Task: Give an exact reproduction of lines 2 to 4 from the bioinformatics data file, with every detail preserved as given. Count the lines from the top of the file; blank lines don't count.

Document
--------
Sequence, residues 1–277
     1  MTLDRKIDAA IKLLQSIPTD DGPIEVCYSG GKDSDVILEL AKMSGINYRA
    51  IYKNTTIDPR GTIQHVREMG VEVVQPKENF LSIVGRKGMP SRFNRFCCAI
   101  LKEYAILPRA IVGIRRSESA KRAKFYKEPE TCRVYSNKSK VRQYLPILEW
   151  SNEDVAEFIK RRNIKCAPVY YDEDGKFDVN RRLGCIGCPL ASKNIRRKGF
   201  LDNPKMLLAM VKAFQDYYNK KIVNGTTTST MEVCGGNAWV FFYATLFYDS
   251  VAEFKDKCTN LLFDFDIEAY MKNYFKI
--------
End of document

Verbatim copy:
     1  MTLDRKIDAA IKLLQSIPTD DGPIEVCYSG GKDSDVILEL AKMSGINYRA
    51  IYKNTTIDPR GTIQHVREMG VEVVQPKENF LSIVGRKGMP SRFNRFCCAI
   101  LKEYAILPRA IVGIRRSESA KRAKFYKEPE TCRVYSNKSK VRQYLPILEW